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The 1st Black Woman To Pilot A Spacecraft Says Seeing Earth Was The Best Part

The passengers of Inspiration4 in the Dragon capsule on their first day in space. They are Jared Isaacman (from left), Hayley Arceneaux, Chris Sembroski and Sian Proctor.
The passengers of Inspiration4 in the Dragon capsule on their first day in space. They are Jared Isaacman (from left), Hayley Arceneaux, Chris Sembroski and Sian Proctor.

Updated September 24, 2021 at 1:36 PM ET

Sian Proctor, the first Black woman to pilot a spacecraft, says the most memorable moment from her three days in orbit aboard the first all-civilian Inspiration4 mission was the view of Earth.

"Oh my goodness, opening the cupola and sliding my head up there and then seeing the entire sphere of our beautiful planet," she tells NPR's Morning Edition.

"Because I went up not only just as a scientist but also as an artist and poet, to me the Earth became this kind of living painting — this moving, swirling ball," she tells host A Martínez. "I just couldn't get enough."

Proctor, with fellow crewmates Jared Isaacman, physician assistant Hayley Arceneaux and data engineer Chris Sembroski, lifted off from Kennedy Space Center in Florida on Sept. 15. Isaacman, the billionaire founder of Shift4 Payments, chartered the spacecraft from SpaceX and invited the others to join him.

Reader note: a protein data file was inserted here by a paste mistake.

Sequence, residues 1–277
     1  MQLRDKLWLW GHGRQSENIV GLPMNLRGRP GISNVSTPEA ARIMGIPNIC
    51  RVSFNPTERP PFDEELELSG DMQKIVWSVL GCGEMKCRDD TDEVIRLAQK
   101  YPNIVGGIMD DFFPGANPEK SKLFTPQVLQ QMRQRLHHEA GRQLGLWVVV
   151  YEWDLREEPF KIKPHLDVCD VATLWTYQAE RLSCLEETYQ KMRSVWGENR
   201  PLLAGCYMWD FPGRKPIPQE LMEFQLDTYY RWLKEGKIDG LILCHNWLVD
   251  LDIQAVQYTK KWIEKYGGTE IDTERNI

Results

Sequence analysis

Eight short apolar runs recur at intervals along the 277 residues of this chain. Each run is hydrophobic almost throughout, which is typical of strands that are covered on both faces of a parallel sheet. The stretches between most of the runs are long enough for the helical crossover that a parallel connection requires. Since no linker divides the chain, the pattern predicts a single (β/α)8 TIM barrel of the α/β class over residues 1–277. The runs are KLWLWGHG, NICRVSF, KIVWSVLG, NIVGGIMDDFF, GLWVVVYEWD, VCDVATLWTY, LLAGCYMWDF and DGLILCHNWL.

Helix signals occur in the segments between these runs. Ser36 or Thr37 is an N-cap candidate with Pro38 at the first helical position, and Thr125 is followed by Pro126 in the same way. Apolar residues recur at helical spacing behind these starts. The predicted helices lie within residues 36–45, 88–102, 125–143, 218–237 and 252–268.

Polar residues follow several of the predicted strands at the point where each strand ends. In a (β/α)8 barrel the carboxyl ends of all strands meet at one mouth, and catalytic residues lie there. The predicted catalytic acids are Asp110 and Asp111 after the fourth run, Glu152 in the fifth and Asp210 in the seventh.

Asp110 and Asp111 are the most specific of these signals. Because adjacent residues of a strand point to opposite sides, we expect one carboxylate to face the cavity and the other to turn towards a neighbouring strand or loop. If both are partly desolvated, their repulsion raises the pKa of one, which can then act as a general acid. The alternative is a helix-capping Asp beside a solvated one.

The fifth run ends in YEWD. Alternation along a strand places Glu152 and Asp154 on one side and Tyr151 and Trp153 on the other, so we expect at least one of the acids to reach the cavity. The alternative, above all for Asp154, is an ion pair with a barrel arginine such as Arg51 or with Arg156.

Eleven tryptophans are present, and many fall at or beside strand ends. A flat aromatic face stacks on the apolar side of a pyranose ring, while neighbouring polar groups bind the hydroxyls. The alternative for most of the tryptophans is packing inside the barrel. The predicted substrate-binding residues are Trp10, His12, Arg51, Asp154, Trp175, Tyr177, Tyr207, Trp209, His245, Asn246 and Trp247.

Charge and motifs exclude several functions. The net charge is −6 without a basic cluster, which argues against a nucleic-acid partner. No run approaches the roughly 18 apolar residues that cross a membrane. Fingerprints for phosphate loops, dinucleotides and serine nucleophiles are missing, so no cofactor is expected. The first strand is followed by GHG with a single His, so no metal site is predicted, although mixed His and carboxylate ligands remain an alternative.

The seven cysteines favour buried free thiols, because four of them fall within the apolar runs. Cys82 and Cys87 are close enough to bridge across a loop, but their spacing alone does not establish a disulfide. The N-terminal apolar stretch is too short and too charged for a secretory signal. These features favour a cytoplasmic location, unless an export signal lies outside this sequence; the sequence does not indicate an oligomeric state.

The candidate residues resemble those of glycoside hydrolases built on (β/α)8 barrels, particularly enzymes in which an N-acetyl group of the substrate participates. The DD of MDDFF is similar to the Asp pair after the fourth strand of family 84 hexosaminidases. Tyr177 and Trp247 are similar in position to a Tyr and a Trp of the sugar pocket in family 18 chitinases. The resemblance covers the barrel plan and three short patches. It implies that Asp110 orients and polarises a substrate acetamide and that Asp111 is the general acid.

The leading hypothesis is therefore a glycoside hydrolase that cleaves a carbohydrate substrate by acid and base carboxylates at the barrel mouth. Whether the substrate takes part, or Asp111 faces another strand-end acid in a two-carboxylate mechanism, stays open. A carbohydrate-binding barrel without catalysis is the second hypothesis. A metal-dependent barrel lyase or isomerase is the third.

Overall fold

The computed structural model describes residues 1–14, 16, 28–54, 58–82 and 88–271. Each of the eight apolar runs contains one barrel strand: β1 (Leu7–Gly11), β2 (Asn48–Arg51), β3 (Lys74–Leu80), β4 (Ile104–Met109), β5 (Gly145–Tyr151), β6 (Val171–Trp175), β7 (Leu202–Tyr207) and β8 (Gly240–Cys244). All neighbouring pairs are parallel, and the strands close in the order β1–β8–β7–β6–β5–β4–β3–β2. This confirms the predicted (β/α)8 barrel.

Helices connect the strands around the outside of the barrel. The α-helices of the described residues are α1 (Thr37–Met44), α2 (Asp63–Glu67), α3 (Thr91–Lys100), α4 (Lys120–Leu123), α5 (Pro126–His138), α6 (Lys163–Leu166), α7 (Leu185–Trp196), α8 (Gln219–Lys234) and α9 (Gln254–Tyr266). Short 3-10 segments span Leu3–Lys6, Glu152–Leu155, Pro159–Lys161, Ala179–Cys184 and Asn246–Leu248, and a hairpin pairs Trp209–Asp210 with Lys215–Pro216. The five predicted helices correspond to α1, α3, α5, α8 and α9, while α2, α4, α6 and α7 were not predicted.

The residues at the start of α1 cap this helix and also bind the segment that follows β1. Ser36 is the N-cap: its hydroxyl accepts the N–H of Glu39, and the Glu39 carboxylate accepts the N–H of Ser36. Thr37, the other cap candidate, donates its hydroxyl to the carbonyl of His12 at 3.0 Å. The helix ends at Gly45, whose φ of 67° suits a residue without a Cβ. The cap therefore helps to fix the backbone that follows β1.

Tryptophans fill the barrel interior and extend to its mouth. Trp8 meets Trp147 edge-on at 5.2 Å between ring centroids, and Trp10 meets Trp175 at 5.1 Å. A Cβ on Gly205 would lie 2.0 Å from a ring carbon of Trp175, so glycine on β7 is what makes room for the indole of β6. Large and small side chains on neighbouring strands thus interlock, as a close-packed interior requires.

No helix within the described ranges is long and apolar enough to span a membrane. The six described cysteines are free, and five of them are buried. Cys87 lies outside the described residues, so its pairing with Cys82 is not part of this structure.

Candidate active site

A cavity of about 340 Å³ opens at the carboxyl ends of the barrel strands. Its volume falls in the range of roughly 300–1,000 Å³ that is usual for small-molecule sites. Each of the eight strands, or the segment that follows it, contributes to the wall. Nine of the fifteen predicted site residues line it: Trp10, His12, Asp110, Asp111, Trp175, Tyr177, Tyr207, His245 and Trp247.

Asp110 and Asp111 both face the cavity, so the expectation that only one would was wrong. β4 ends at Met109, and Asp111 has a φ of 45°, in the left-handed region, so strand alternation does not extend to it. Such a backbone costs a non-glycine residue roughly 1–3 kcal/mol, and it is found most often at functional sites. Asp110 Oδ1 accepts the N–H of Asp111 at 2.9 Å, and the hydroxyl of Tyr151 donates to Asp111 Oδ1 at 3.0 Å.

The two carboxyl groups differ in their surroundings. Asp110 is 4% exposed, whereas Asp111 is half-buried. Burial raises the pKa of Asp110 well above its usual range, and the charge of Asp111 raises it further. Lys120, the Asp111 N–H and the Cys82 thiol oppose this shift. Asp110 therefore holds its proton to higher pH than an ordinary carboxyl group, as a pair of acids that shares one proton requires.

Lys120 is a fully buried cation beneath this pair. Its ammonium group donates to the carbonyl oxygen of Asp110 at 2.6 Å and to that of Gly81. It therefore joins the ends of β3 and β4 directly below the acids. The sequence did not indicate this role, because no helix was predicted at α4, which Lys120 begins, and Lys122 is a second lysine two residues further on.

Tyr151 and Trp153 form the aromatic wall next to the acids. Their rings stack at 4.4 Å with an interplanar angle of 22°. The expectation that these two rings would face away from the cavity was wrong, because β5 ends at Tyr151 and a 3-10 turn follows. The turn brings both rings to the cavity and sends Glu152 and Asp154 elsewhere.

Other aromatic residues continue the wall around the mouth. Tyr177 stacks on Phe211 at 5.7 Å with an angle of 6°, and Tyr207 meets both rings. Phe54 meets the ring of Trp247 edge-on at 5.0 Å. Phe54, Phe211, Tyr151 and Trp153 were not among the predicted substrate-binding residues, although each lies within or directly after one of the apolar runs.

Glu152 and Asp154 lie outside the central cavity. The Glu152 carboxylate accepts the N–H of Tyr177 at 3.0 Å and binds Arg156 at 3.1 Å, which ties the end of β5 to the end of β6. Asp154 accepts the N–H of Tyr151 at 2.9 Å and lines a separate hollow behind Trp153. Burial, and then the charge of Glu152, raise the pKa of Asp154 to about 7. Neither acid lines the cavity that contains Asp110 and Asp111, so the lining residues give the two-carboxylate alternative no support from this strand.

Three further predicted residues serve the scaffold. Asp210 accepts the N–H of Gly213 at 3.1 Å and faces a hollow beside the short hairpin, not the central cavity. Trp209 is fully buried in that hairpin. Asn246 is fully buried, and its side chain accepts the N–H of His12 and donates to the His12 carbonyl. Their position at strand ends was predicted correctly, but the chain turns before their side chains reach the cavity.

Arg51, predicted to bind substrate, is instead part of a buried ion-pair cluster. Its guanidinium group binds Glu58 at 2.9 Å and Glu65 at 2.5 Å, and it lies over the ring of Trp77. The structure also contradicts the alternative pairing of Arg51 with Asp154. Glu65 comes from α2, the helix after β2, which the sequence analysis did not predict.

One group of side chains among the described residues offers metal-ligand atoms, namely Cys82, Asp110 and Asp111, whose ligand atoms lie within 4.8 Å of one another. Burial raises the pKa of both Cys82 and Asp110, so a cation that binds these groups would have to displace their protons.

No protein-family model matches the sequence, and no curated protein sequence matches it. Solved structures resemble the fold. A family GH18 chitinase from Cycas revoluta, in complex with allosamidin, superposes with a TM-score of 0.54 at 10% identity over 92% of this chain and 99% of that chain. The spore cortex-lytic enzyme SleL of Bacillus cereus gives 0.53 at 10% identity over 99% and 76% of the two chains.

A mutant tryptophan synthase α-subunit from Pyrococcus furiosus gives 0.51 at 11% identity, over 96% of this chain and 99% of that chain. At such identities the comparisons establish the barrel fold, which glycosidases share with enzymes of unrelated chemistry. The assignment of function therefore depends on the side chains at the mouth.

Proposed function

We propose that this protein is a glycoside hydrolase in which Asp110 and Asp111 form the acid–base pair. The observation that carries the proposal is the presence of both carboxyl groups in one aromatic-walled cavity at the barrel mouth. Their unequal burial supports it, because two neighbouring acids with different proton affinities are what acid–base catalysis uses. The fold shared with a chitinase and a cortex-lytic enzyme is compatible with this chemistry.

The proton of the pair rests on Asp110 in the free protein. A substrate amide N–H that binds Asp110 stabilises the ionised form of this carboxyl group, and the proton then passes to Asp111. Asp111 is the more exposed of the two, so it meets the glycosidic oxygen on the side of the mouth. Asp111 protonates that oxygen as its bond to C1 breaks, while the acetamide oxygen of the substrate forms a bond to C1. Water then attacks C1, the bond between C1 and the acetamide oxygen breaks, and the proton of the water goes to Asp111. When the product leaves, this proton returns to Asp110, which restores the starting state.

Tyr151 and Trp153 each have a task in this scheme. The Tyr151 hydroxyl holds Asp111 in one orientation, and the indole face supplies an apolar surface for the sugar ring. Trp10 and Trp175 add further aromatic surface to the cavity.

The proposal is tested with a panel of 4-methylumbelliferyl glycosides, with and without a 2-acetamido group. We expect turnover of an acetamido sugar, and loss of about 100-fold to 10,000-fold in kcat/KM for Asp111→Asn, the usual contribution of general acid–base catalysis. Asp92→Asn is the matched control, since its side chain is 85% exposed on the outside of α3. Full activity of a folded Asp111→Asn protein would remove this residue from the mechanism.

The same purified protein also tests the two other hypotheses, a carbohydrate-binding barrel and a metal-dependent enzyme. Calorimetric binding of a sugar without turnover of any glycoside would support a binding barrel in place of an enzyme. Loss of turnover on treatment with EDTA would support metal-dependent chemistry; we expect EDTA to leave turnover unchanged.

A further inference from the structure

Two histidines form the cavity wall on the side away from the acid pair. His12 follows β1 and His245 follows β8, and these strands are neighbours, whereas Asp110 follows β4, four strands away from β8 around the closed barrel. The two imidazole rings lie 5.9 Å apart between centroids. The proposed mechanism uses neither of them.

The four, aboard a Dragon crew capsule, splashed down safely in the Atlantic Ocean last Saturday.

But Proctor kept in mind there was always a chance that something could go wrong. She shared a poem, based on one by Robert Frost, that she wrote to her family before the launch in case she did not make it back.

She calls it Last Gold:

Nature's last green is also gold

Her boldest moment, we behold

Her decaying end of power

A beautiful, bright golden hour

Flowers turned to wreaths

Gaia rejoices in grief

Dusk turns a shattered gray

One last gasp of golden ray.

"I just wanted to have that there so that they knew how I felt," Proctor says.

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